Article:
Monday, January 25, 2016

Kimball Library News 1/18/16

MASSACRE ON THE MERRIMACK: Join us on Thursday, February 11th, from 6:30-8:00pm and hear author Jay Atkinson talk about his latest book ‘Massacre on the Merrimack: Hannah Duston's Captivity and Revenge in Colonial America.’ 

Early on March 15, 1697, a band of Abenaki raided the English frontier village of Haverhill, Massachusetts. Striking swiftly, the Abenaki killed twenty-seven men, women, and children, and took thirteen captives, including Hannah Duston and her week-old daughter, Martha. A short distance from the village, one of the warriors murdered the squalling infant by dashing her head against a tree. After a forced march of nearly one hundred miles, Duston and two companions were transferred to a smaller band of Abenaki, who camped on a tiny island located at the junction of the Merrimack and Contoocook Rivers, several miles north of present day Concord, New Hampshire. The Abenaki intended to make the captives run the gauntlet at their village in Quebec, after which they would be sold as slaves.
This was the height of King William’s War, both a war of terror and a religious contest, with English Protestantism vying for control of the New World with French Catholicism. The fact that the two religions could not have worshipped a more similar God is an ironic footnote to the carnage that would ensue.

After witnessing her infant’s murder, Duston resolved to get even. Two weeks into their captivity, Duston and her companions, a fifty-one-year-old woman and a twelve-year-old boy, moved among the sleeping Abenaki with tomahawks and knives, killing two men, two women, and six children. After returning to the bloody scene alone to scalp their victims, Duston and the others escaped down the Merrimack River in a stolen canoe. They braved treacherous waters and the constant threat of attack and recapture, returning to tell their story and collect a bounty for the scalps.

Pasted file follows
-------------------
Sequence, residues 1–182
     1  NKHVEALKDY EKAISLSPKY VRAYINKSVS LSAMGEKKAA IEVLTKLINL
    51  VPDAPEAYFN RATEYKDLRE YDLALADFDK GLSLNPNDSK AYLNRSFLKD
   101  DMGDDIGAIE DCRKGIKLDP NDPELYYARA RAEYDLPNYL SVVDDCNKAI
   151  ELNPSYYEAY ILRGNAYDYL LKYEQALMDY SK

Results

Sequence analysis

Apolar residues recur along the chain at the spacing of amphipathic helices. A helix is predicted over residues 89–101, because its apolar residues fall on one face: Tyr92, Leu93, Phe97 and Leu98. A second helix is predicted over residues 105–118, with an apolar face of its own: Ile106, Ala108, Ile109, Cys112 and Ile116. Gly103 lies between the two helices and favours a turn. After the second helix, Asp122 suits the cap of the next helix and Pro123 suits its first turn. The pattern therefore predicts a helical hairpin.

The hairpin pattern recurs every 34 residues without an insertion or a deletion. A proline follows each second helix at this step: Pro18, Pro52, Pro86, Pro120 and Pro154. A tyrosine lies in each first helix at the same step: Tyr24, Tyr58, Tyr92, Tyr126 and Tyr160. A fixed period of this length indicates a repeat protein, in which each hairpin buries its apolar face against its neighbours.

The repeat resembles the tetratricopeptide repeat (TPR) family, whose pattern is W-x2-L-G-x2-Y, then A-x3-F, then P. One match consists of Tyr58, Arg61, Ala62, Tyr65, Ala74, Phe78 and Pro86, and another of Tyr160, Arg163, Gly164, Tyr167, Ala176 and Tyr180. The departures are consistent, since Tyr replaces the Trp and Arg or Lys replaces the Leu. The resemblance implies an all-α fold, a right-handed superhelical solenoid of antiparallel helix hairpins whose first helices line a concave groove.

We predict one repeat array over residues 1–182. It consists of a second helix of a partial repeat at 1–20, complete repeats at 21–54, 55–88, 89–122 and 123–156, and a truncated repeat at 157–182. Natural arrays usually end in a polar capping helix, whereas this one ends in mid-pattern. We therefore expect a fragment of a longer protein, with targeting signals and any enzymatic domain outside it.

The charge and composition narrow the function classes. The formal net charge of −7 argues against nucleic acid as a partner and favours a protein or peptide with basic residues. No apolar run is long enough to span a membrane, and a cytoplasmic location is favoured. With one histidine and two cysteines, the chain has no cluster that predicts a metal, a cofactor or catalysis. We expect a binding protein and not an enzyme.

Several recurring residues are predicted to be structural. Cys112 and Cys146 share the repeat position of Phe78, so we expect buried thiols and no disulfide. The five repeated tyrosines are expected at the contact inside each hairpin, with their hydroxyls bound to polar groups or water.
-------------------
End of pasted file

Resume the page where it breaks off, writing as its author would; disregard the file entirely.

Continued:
Was Hannah Duston the prototypical feminist avenger, or the harbinger of the Native American genocide? In this exquisitely researched and riveting narrative, bestselling author Jay Atkinson sheds new light on the early struggle for North America.

KNITWITS (TUESDAYS @10:30): Start the New Year right and do those things you’ve always been meaning to try.  How about picking up some of those tossed aside knitting projects or learning how?  Whether you are a beginner or an experienced knitter, come join the fun as we learn together.  Please bring your own supplies.  This is an informal gathering to finish those unfinished projects or perhaps get some ideas for beginning some new ones.  We’ll cozy up in the Atkinson Room of the library, share some laughs, drop a stitch or two, and make some new friends.  All experience levels and ages welcome. This is not a class, but we have enough experienced knitters who will guide you and get you started.  Don’t delay—come on in!

ADULT COLORING & PAINTING (THURSDAYS @10:30):  If you think coloring for adults is all the rage, you are right.  This current form of recreation is not only fun but also healthy for you. Research outcomes of those who color or participate in some form of visual arts are numerous.  Some common therapeutic outcomes associated with adult coloring are: stress reduction, enhanced relaxation and increased concentration.  The popularity of adult coloring is also due to the fact that it provides a creative outlet for all regardless of one’s artistic abilities and experience.

Kimball Library will be starting an adult coloring and painting session on Thursdays, from 10:30 – 12:30 starting January 7th.   It will be a time set aside for those who wish to work on painting (must bring your own paint and supplies) or coloring.  There will be limited coloring books and supplies on hand for class participants or individuals may bring their own books, color pencils or gel pens.  Please join us and devote some time to unwind. 

Registration is required.  This is for ages 18 and up.

MORE INFO: Our event calendar found on our website has detailed information on these events and many others you may have missed reading about.  Go to and not only read the posts on the page, but also click the calendar icon and see each event for the month and months to come.  Please also ‘like’ us on Facebook and follow us on Twitter, Flickr, and Instagram.  You may call us Monday-Friday from 10-8 and on Saturday from 10-3 at 603.362.5234.

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